The Capital
Published in

The Capital

Blockchain — Part 3: Private Networks


In this 3rd series of blockchain, we will look at private network, which provides a structure for facilitating real business applications.

Why we need private network:

As I have explained in my intro to blockchain article, bitcoin works on public networks. It means anyone can join the network, and get access to all the transactions. It’s designed this way to be transparent and achieve distributed computing. However, to solve real business problems, it’s not practical in several regards:

  1. Lack of privacy
  2. Transaction inefficiency
  3. Every node on the network need to have large storage

The solution is private network, or permissioned network. These networks require permission to join. Below, we will look at how private networks have resolved the issues mentioned above, and also look at the basic constructs in a typical private network. I will use Hyperledger Fabrics as an example, but the similar concepts apply to other private networks as well. Hyperledger Fabrics is currently the most widely used private network.


A business blockchain will need to have all participants in the industry on the network for it to be effective. But can you imagine a world where every company knows all its competitors and suppliers’ cost and price. If I were selling cookies, and I know Sally, who supplies cookie dough, really well. If she wants to give me a special price, then all her customers would find out, and probably not be very happy. Total transparency or the lack of privacy obviously does not work in a business setting. Hence all private networks have a feature to send a private message, only parties involved in the transaction will have access to the data. In Hyperledger, it’s called channels. In the example above, Sally and I would create our own channel for the special price deal. No one else on the network would know about the transactions (except validators, but more on that later).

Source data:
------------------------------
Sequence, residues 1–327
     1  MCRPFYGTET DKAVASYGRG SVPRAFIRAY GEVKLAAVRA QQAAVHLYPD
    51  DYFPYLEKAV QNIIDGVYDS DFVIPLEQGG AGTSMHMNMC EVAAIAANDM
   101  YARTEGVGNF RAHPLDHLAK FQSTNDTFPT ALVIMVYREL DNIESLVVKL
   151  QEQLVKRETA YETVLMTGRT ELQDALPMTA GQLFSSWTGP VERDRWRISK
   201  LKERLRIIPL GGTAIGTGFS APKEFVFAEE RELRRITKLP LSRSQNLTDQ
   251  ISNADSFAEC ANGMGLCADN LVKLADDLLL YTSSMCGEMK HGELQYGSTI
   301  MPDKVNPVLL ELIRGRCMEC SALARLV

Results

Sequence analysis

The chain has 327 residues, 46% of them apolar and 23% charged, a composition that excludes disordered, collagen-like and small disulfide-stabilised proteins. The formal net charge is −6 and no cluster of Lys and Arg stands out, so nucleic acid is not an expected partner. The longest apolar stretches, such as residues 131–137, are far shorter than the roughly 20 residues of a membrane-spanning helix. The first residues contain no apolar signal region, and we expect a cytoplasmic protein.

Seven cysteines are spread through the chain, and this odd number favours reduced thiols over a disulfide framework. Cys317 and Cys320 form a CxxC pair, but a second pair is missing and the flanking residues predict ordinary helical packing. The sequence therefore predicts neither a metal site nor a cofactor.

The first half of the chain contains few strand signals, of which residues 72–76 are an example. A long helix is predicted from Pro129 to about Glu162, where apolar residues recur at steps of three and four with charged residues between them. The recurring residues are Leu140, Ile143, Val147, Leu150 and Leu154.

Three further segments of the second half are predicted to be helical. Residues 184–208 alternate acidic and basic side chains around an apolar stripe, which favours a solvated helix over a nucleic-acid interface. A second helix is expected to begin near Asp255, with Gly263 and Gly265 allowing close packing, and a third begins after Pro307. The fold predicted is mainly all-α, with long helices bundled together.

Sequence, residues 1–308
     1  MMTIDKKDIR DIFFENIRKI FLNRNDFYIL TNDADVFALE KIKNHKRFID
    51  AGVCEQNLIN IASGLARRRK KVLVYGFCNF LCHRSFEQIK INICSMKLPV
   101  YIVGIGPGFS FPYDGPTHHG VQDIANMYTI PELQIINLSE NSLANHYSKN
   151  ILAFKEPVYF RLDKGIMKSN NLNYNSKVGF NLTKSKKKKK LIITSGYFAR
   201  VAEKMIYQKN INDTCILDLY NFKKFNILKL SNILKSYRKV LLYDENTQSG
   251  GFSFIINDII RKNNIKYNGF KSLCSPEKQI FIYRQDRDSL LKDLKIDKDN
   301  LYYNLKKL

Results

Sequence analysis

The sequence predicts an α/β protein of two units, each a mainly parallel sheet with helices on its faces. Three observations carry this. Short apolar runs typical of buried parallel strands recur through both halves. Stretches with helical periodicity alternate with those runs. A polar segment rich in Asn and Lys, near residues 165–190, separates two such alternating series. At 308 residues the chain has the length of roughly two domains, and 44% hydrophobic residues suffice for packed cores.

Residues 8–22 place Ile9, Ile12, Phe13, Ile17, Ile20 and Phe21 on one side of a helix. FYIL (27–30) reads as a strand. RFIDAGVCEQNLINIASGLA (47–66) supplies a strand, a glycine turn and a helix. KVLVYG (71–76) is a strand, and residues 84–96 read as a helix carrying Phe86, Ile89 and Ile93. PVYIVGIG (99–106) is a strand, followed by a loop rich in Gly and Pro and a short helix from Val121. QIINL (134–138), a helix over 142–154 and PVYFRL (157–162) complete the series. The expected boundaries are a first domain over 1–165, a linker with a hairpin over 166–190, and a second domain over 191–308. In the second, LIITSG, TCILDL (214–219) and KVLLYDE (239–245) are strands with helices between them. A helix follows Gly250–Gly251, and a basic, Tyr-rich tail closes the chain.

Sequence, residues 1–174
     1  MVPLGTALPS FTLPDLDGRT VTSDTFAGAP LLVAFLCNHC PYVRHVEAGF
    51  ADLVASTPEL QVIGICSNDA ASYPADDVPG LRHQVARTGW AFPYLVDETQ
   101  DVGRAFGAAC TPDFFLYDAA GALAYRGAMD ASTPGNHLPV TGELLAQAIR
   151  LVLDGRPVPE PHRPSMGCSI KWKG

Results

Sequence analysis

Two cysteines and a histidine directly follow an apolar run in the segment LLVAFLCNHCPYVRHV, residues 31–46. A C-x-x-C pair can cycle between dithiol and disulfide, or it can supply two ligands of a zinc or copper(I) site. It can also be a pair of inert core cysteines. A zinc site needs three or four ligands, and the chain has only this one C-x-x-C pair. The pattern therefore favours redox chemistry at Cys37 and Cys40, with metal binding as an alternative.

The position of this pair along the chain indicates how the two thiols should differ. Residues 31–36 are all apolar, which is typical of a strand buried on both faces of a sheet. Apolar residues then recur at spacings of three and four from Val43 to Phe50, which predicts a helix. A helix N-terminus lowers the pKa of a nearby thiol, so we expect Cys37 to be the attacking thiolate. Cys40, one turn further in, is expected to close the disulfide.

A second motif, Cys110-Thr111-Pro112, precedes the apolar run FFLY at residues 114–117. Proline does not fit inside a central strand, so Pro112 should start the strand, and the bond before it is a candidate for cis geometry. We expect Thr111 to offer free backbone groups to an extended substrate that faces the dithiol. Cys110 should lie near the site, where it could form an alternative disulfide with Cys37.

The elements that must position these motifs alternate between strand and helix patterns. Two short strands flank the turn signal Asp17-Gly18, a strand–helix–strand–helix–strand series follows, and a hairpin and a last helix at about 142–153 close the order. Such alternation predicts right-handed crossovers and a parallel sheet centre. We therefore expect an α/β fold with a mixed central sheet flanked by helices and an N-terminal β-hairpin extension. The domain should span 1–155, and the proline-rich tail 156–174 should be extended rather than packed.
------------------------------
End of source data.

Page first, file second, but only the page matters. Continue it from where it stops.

In addition to private messages, private networks usually have access control service, called MSP (membership service provider). MSP serves to check companies, approve entrance, and maintain membership status, and roles in the network.

Transaction inefficiency:

The problem:

In my previous article (intro to blockchain)xxx, we know that PoW is CPU intensive, and takes roughly 10 minutes to commit a block to the blockchain. Specifically, the problems with PoW are:

  1. CPU intensive, wastes too much electricity
  2. Too slow
  3. Requires all the nodes to have a copy of all the data

For PoW, it has shown that the amount of electricity used to run miners is enough to power some of the nations in the world. It’s very wasteful.

As for speed, bitcoin can only process 4.6 transactions per second compared to 1700 transactions per second on average for Visa. This is too slow.

In addition to PoW, public networks require every node to have a copy of all the transactions for validation. The amount of data can be quite large as the network pick up momentum. I think someone can debate between having a say in validation v.s. efficiency. Since private networks are designed for practical business use, efficiency prevails here.


So, instead of PoW, there is a proposal for Proof of Stake.